7 free OCR apps for the iPhone reviewed

Yesternight I went looking for Optical Character Recognition (OCR) apps.
For the jargon wary and the jargon weary, OCR is the process by which a computer converts a scanned image of some text to actual editable, malleable computer text. It’s a useful tool to have on hand, especially if your work (or play) deals with anything literary or historical.  Like speech recognition software, its also a bit magical.
I wanted to transcribe a few noteworthy pages of a novel, to paste into my Commonplace Book. Rather that wait a few hours until I could use my office facilities to scan and convert the text, I sought recommendations online and did a search of Apple’s App Store.

I found a few free options in the App Store.  To test the software, I used a piece of text from Neal Stephenson’s Snowcrash.  I am well aware that the image is not optimised for OCR – the text is slightly skewed and the contrast could be brighter.  But by necessity, a mobile OCR app will be used ‘in the field’ where more careful alignment and lighting is not available.  So I think it is an appropriate example to road test the various options.   I used my iPhone 4S running iOS 6.1.
IRISCloud is a free app, but to use it you need to sign-up for an account and buy ‘freemium’ packages. I didn’t.
Skootch OCR does not appear to offer any features or control. You simply select the image of the text you need scanning, and the app does the rest. Rather than show you the text immediately it offers the option to e-mail the text to someone (or yourself).
The output was garbage.

.= ] 'QW-»~ lQ`§","*  I .,,¢»,..».v,»~Wmn.W,~,,,,M~  W

Image to Text does two weird things.  First, it displays any image you choose in the portrait orientation, even if the original is landscape.  That is very confusing.  Then, it insists on e-mailing the results rather than simply displaying them on the screen for the user to copy-and-paste.  The output of the section I requested was near perfect.  However, because there is no feature to select precisely which part of the image I wanted to transcribe, I also received more text than I needed.  At the top of the page, where the page bowed and the image was distorted, I received increasingly illegible text.
The LEADTools OCR app does offer the user the opportunity to select which text they wish to scan.  However, when the user drags a selection box, the OCR scan begins immediately, leaving no room for error.  Only the most dexterous draggers-and-droppers would be able to take advantage of that functionality.  However, once the text has been selected, the results were perfect. The app offers the user a choice of whether to copy the text to a clipboard, or to e-mail it somewhere.
OCR Scanner offers 5 free daily scans.  You have to pay if you want more.  It offers no chance to select which area of an image to scan.  Its an academic point to note that omission, however – after showing a rotating progress icon for a bit, the app went back to its original state.  The 5 credit counter had not depleted, and no recognised text was presented!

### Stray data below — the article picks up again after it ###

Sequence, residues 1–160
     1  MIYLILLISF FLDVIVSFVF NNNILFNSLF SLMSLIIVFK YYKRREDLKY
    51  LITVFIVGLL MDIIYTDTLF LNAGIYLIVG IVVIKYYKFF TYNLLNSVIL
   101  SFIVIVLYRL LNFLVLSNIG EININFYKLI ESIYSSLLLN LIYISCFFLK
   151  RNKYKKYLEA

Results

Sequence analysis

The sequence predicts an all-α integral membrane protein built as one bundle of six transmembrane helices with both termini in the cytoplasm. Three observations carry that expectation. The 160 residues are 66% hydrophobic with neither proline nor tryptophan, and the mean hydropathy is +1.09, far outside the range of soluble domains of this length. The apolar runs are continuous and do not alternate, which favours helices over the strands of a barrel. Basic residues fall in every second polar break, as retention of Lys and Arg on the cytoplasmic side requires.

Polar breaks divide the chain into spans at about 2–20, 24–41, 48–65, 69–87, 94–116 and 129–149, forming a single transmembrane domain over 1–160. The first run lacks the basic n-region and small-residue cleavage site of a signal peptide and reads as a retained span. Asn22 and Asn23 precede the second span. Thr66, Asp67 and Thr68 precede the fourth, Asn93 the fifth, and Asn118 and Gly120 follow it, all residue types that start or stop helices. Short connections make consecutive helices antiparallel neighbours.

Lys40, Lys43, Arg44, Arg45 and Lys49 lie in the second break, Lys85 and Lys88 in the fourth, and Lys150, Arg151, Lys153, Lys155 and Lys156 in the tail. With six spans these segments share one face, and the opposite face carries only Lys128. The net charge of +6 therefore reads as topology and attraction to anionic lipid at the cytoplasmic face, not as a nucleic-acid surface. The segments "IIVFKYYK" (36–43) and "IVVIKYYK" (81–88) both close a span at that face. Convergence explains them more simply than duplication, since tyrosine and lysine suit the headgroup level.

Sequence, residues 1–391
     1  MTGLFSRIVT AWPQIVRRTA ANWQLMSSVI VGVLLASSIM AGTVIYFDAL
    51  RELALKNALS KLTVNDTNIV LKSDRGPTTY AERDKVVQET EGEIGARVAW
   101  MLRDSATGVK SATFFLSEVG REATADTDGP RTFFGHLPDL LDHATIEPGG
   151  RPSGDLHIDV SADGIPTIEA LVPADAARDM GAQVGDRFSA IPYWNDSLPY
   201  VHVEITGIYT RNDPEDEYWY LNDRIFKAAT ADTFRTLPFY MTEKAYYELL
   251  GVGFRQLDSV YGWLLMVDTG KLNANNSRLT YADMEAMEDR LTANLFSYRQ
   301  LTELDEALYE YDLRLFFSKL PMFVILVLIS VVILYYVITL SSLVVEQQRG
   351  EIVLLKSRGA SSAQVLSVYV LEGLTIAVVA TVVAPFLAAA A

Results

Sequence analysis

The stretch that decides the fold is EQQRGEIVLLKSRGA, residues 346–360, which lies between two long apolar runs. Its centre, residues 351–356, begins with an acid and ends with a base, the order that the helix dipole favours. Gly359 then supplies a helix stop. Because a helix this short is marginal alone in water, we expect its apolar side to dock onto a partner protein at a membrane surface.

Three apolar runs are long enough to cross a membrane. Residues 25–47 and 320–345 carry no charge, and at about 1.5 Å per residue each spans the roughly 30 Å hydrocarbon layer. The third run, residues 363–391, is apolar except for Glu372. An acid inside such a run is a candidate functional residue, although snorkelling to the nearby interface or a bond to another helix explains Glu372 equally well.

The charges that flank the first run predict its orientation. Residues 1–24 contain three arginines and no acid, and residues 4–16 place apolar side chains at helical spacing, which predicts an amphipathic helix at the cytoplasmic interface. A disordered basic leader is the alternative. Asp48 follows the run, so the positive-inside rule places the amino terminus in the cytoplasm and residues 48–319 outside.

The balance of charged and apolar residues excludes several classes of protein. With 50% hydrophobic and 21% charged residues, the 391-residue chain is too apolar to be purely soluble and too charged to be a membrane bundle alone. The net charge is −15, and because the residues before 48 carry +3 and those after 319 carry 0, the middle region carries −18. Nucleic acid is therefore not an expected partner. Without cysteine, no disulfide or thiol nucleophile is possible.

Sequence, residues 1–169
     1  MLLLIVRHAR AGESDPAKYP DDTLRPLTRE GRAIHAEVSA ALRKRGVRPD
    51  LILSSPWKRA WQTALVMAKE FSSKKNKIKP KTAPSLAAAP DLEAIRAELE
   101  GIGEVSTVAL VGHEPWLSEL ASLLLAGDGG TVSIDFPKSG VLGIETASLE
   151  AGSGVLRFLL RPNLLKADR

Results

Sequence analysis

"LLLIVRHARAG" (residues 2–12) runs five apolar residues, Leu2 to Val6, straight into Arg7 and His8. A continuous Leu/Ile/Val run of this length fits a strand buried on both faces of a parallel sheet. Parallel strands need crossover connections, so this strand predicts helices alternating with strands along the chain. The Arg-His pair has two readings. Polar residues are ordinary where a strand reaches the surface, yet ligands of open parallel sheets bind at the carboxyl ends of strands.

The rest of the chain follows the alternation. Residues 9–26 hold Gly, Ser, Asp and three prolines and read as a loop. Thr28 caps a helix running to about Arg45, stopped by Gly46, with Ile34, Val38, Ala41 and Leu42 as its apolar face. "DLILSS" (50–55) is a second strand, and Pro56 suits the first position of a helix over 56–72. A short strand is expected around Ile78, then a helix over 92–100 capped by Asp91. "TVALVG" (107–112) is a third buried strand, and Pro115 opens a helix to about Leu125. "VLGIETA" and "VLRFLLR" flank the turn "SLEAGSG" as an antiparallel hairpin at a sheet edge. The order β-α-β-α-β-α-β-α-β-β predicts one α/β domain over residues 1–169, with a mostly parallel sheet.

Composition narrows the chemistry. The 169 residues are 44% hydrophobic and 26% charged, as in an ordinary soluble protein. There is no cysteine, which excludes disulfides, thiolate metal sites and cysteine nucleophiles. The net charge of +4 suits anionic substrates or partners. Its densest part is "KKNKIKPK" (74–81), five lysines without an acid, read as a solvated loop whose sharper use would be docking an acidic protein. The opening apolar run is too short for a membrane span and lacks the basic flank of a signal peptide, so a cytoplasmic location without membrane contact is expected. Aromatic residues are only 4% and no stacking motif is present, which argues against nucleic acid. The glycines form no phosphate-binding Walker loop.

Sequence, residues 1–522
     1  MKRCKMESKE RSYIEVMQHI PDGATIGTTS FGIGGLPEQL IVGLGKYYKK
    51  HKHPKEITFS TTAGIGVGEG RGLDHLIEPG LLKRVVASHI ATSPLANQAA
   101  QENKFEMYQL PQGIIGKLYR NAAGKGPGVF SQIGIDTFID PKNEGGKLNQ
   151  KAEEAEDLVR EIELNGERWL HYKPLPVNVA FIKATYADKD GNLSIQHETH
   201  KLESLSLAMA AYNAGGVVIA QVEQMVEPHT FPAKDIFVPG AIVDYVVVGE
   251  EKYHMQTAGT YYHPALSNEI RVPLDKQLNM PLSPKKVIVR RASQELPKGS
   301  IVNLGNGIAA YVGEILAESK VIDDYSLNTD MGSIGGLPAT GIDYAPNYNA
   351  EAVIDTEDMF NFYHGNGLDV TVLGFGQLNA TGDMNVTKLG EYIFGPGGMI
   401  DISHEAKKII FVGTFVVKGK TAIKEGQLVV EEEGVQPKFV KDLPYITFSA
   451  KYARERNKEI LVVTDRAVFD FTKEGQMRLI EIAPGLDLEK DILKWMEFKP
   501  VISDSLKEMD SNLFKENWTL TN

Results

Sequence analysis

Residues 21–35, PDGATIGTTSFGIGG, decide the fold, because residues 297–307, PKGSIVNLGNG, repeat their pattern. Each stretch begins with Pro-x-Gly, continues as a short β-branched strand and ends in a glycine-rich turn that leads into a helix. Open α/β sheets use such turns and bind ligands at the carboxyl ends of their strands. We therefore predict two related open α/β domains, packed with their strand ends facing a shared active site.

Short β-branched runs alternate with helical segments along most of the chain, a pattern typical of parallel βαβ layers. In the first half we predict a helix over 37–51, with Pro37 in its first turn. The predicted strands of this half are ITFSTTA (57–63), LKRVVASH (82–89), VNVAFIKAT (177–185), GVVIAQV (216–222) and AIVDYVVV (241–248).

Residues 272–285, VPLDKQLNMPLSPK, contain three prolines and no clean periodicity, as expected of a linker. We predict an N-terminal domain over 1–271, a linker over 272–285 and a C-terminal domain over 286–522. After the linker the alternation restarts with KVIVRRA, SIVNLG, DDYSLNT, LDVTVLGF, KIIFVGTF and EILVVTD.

OCR Scanning has an extremely confusing text selection tool.  The box has a hard green line, and a thicker, slightly transparent region.  My first attempt at scanning missed much of the text, because I had allowed some of that transparent green zone to intrude over the letters.  On my second attempt, the results were very disappointing.  Just a few sentences were scanned and there were many errors.

Y.T.’s rnorn works in Fedland. She has p8IK€(1 ner urue can ll! nu;
own little numbered slot, for which the Feds require her to pay
about ten percent of her salary (if she doesn't like it she can take
a taxi or walk) and walked up several levels of a blindingly lit
reinforced-concrete helix in which most of the spaces-—the good
spaces closer to the surface--are reserved for people other than
her, but empty. She always walks up the center of the ramp,
between the rows of parked cars, so that the EBGOC boys won't
think she's lurking, loitering, skulking, malingering, or smoking.
‘ * -  -- -r L..- i...;A:m. 4... 5“

In my opinion, English OCR has the simplest and best interface.  It does offer the option to select an area of the image to scan, and allows you to rotate the image too.  The app presents a simple progress message, counting the seconds, so you know the thing is working.  The results of the scan were completely accurate, and the text was presented in a simple format for me to copy-and-paste.  This is the app I will use in future.

6 Replies to “7 free OCR apps for the iPhone reviewed”

  1. There is a new OCR app that is powerful yet very simple to use, it is called OCR Instantly and is available free in the app store. Maybe it can be the 8th OCR app reviewed XD

  2. Robert, since you last reviewed LEADTOOLS OCR App we’ve made a lot of updates and changes to the app, including the ability to customize your text area selection before our OCR engine recognizes the text (which solves the issue you outlined above). Along with many speed enhancements, different options for recognition settings and export file types (Text, PDF, DOC & more), as well as unrivaled accuracy- there really is no comparison.
    We urge you and your readers to check out the free app again:
    As always this app remains free of charge, ad free, and built using the LEADTOOLS SDK, which provides the most comprehensive and powerful OCR SDK technology in the business.

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